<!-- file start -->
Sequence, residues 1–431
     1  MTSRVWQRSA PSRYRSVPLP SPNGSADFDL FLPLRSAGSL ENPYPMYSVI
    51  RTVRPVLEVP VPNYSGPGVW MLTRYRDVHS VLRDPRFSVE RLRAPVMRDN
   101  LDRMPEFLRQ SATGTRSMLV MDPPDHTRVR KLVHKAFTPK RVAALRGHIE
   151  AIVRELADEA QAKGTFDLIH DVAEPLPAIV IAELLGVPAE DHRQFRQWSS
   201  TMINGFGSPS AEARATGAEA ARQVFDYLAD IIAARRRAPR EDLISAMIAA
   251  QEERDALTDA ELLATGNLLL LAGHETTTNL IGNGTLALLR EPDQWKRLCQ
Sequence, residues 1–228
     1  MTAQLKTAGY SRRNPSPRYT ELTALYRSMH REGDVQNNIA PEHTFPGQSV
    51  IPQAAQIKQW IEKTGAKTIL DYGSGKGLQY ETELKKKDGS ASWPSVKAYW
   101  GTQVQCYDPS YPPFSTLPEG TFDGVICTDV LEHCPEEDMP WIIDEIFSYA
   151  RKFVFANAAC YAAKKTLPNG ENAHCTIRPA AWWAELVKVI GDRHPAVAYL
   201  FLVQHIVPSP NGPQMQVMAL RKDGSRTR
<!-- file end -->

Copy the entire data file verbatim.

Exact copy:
Sequence, residues 1–431
     1  MTSRVWQRSA PSRYRSVPLP SPNGSADFDL FLPLRSAGSL ENPYPMYSVI
    51  RTVRPVLEVP VPNYSGPGVW MLTRYRDVHS VLRDPRFSVE RLRAPVMRDN
   101  LDRMPEFLRQ SATGTRSMLV MDPPDHTRVR KLVHKAFTPK RVAALRGHIE
   151  AIVRELADEA QAKGTFDLIH DVAEPLPAIV IAELLGVPAE DHRQFRQWSS
   201  TMINGFGSPS AEARATGAEA ARQVFDYLAD IIAARRRAPR EDLISAMIAA
   251  QEERDALTDA ELLATGNLLL LAGHETTTNL IGNGTLALLR EPDQWKRLCQ
Sequence, residues 1–228
     1  MTAQLKTAGY SRRNPSPRYT ELTALYRSMH REGDVQNNIA PEHTFPGQSV
    51  IPQAAQIKQW IEKTGAKTIL DYGSGKGLQY ETELKKKDGS ASWPSVKAYW
   101  GTQVQCYDPS YPPFSTLPEG TFDGVICTDV LEHCPEEDMP WIIDEIFSYA
   151  RKFVFANAAC YAAKKTLPNG ENAHCTIRPA AWWAELVKVI GDRHPAVAYL
   201  FLVQHIVPSP NGPQMQVMAL RKDGSRTR